In what appears to be a series of tough measures to crack down on illegal lending apps and limit digital lending outside of banking channels, the RBI will soon compile a list of such apps that could be hosted on app stores. This is part of a series of measures the government has reportedly taken to ensure lending remains with the banks.
Does this mean that the era of fast fintech apps offering short-term loans to customers may soon be coming to an end? We’re not sure, but read on to find out what the government is proposing as a multi-pronged mechanism to reduce the freedom for all they perceive in the highly lucrative loan market.
Supervision and certain regulations
In addition to RBI measures, central government departments and agencies responsible for overseeing these applications are creating a combined strategy to ensure that digital lending agencies outside of regular banking channels have some sort of oversight framework in which operate.
These ministries and their associated agencies will develop a plan to ensure that all possible measures are taken in a concerted manner to reduce these illegal applications, a government statement said, adding that the Ministry of Corporate Affairs will identify and deregister companies. screens to prevent misuse.
The process has started
The RBI has already started a process to create a wish list of lending apps even as the Ministry of Electronic and Information Technology (MeitY) ensures that only these are hosted on Google Playstore and the App Apple store. The RBI will also monitor mule and leased accounts used for money laundering and review dormant NBFCs to prevent abuse.
Most of these measures were initiated following a review meeting chaired by Finance Minister Nirmala Sitharaman last week. Officials reportedly expressed concern over instances of dodgy apps offering microloans to low-income families at exorbitant interest rates, the statement said.
He further noted that some of these vendors used predatory clawback practices, including intimidation and blackmail. The Minister also raised the possibility of money laundering and tax evasion, as well as data leaks in the existing process. This was a misuse of the payments aggregation business which remains unregulated in India at present.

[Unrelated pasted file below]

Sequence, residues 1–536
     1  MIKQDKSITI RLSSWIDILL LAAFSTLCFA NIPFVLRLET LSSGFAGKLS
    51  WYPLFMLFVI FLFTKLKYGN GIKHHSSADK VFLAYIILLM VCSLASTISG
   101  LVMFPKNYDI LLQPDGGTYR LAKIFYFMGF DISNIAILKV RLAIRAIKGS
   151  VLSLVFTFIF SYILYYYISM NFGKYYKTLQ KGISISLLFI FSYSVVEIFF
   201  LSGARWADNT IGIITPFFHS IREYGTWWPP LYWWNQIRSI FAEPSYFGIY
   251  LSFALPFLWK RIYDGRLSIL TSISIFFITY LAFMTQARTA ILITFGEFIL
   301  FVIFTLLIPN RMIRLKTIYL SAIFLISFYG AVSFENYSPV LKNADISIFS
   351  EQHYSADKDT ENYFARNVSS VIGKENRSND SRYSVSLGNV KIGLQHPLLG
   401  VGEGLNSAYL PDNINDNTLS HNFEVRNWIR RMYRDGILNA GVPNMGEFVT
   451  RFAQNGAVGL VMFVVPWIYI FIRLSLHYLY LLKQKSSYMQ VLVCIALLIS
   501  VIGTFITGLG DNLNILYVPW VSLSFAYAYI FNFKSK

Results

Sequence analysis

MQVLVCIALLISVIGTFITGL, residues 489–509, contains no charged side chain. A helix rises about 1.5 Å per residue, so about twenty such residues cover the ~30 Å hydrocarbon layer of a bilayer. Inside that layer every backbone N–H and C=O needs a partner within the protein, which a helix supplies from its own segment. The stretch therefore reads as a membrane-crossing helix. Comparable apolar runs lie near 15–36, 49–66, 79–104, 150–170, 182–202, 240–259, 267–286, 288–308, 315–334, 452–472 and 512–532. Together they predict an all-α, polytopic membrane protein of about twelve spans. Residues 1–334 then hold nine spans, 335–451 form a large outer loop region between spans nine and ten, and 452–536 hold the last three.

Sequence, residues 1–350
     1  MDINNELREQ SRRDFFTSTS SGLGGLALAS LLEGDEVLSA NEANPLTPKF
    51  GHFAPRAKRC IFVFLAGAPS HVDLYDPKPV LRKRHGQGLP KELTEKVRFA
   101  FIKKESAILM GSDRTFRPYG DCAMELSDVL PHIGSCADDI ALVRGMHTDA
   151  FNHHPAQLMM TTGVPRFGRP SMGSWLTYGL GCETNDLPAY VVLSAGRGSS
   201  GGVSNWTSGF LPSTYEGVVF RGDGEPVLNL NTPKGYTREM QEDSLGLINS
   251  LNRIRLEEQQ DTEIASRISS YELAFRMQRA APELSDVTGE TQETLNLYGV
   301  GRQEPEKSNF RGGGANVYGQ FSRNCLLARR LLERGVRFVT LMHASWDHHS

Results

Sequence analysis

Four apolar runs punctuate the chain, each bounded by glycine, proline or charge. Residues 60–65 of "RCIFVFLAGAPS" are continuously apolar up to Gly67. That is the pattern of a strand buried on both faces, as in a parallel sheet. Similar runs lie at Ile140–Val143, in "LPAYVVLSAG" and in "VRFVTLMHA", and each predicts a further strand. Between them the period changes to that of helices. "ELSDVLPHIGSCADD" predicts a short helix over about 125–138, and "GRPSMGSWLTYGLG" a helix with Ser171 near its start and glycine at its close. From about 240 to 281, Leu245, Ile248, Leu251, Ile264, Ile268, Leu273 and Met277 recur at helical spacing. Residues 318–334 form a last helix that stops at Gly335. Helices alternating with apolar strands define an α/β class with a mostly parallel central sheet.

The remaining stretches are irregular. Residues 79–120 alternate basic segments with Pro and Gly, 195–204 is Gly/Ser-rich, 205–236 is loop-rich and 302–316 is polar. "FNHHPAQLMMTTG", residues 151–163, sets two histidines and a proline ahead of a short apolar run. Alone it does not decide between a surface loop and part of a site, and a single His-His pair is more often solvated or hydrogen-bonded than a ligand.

How Sachet got the ball rolling
For its part, the RBI had set up a digital lending task force last year which identified up to 600 such mobile apps operating in India. The central bank has set up a portal called Sachet to collect user complaints against these entities. Between January 2000 and March 2021, the portal received 2,600 such complaints.
Going forward, the RBI aims to ensure that the registration of payment aggregators is completed within a deadline and those without prior registration would be allowed to operate in the domain. Last week’s meeting brought together officials from the ministries of IT, general affairs and finance to discuss possible solutions.
In recent times, government agencies have cracked down on companies offering payment gateways including Paytm, Razorpay and Cashfree in Bangalore following reports of irregularities in such app-based instant loan approvals by companies holding majority interests in China. However, some of these companies have already signaled their disconnect with their Chinese investors while announcing that they are cooperating with investigative agencies.